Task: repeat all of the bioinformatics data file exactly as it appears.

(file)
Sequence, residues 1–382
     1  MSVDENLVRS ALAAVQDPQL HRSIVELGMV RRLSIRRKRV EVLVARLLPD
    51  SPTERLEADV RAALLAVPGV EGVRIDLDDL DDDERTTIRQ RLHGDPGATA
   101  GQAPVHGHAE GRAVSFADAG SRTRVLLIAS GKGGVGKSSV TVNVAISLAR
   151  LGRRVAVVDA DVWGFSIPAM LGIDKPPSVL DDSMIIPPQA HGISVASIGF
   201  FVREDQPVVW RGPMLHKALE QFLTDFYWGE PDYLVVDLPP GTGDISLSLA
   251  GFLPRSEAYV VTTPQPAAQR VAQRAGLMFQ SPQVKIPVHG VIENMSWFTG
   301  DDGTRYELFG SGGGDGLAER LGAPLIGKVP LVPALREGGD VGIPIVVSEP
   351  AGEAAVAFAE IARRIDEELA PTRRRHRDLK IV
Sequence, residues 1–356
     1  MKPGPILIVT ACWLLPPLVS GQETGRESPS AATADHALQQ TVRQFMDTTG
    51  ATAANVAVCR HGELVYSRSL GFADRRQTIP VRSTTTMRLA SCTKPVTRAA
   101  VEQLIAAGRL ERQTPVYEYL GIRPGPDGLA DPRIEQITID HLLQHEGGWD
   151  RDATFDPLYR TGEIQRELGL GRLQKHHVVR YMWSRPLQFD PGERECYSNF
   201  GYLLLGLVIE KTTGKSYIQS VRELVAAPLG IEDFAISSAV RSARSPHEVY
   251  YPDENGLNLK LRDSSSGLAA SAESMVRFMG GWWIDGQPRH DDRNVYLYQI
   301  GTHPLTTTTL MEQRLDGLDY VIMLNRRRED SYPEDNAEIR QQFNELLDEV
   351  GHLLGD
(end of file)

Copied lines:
Sequence, residues 1–382
     1  MSVDENLVRS ALAAVQDPQL HRSIVELGMV RRLSIRRKRV EVLVARLLPD
    51  SPTERLEADV RAALLAVPGV EGVRIDLDDL DDDERTTIRQ RLHGDPGATA
   101  GQAPVHGHAE GRAVSFADAG SRTRVLLIAS GKGGVGKSSV TVNVAISLAR
   151  LGRRVAVVDA DVWGFSIPAM LGIDKPPSVL DDSMIIPPQA HGISVASIGF
   201  FVREDQPVVW RGPMLHKALE QFLTDFYWGE PDYLVVDLPP GTGDISLSLA
   251  GFLPRSEAYV VTTPQPAAQR VAQRAGLMFQ SPQVKIPVHG VIENMSWFTG
   301  DDGTRYELFG SGGGDGLAER LGAPLIGKVP LVPALREGGD VGIPIVVSEP
   351  AGEAAVAFAE IARRIDEELA PTRRRHRDLK IV
Sequence, residues 1–356
     1  MKPGPILIVT ACWLLPPLVS GQETGRESPS AATADHALQQ TVRQFMDTTG
    51  ATAANVAVCR HGELVYSRSL GFADRRQTIP VRSTTTMRLA SCTKPVTRAA
   101  VEQLIAAGRL ERQTPVYEYL GIRPGPDGLA DPRIEQITID HLLQHEGGWD
   151  RDATFDPLYR TGEIQRELGL GRLQKHHVVR YMWSRPLQFD PGERECYSNF
   201  GYLLLGLVIE KTTGKSYIQS VRELVAAPLG IEDFAISSAV RSARSPHEVY
   251  YPDENGLNLK LRDSSSGLAA SAESMVRFMG GWWIDGQPRH DDRNVYLYQI
   301  GTHPLTTTTL MEQRLDGLDY VIMLNRRRED SYPEDNAEIR QQFNELLDEV
   351  GHLLGD